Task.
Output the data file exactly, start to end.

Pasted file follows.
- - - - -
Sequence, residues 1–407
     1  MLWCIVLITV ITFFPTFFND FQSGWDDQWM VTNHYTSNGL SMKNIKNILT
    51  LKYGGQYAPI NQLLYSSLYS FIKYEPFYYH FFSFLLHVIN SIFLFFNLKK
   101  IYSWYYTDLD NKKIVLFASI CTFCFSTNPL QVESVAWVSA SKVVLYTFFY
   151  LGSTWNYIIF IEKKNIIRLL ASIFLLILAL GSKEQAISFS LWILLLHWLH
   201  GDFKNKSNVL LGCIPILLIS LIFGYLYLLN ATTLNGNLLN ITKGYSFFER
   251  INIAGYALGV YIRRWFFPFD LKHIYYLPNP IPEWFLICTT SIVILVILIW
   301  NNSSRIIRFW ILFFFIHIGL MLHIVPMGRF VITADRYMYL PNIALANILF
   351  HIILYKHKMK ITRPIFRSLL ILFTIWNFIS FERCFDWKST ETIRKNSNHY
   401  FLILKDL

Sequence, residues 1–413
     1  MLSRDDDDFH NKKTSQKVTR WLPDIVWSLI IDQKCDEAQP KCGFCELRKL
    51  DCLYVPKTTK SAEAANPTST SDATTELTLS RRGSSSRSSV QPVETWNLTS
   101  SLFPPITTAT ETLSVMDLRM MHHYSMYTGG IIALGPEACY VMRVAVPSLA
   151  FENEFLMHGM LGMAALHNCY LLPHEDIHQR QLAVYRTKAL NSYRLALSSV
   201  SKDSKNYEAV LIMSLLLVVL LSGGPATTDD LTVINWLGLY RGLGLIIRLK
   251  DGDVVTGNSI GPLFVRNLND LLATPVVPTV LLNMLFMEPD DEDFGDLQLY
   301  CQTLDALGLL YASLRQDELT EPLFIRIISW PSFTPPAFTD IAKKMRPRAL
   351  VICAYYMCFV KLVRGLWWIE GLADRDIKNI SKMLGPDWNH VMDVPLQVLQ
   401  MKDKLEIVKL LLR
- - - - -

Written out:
Sequence, residues 1–407
     1  MLWCIVLITV ITFFPTFFND FQSGWDDQWM VTNHYTSNGL SMKNIKNILT
    51  LKYGGQYAPI NQLLYSSLYS FIKYEPFYYH FFSFLLHVIN SIFLFFNLKK
   101  IYSWYYTDLD NKKIVLFASI CTFCFSTNPL QVESVAWVSA SKVVLYTFFY
   151  LGSTWNYIIF IEKKNIIRLL ASIFLLILAL GSKEQAISFS LWILLLHWLH
   201  GDFKNKSNVL LGCIPILLIS LIFGYLYLLN ATTLNGNLLN ITKGYSFFER
   251  INIAGYALGV YIRRWFFPFD LKHIYYLPNP IPEWFLICTT SIVILVILIW
   301  NNSSRIIRFW ILFFFIHIGL MLHIVPMGRF VITADRYMYL PNIALANILF
   351  HIILYKHKMK ITRPIFRSLL ILFTIWNFIS FERCFDWKST ETIRKNSNHY
   401  FLILKDL

Sequence, residues 1–413
     1  MLSRDDDDFH NKKTSQKVTR WLPDIVWSLI IDQKCDEAQP KCGFCELRKL
    51  DCLYVPKTTK SAEAANPTST SDATTELTLS RRGSSSRSSV QPVETWNLTS
   101  SLFPPITTAT ETLSVMDLRM MHHYSMYTGG IIALGPEACY VMRVAVPSLA
   151  FENEFLMHGM LGMAALHNCY LLPHEDIHQR QLAVYRTKAL NSYRLALSSV
   201  SKDSKNYEAV LIMSLLLVVL LSGGPATTDD LTVINWLGLY RGLGLIIRLK
   251  DGDVVTGNSI GPLFVRNLND LLATPVVPTV LLNMLFMEPD DEDFGDLQLY
   301  CQTLDALGLL YASLRQDELT EPLFIRIISW PSFTPPAFTD IAKKMRPRAL
   351  VICAYYMCFV KLVRGLWWIE GLADRDIKNI SKMLGPDWNH VMDVPLQVLQ
   401  MKDKLEIVKL LLR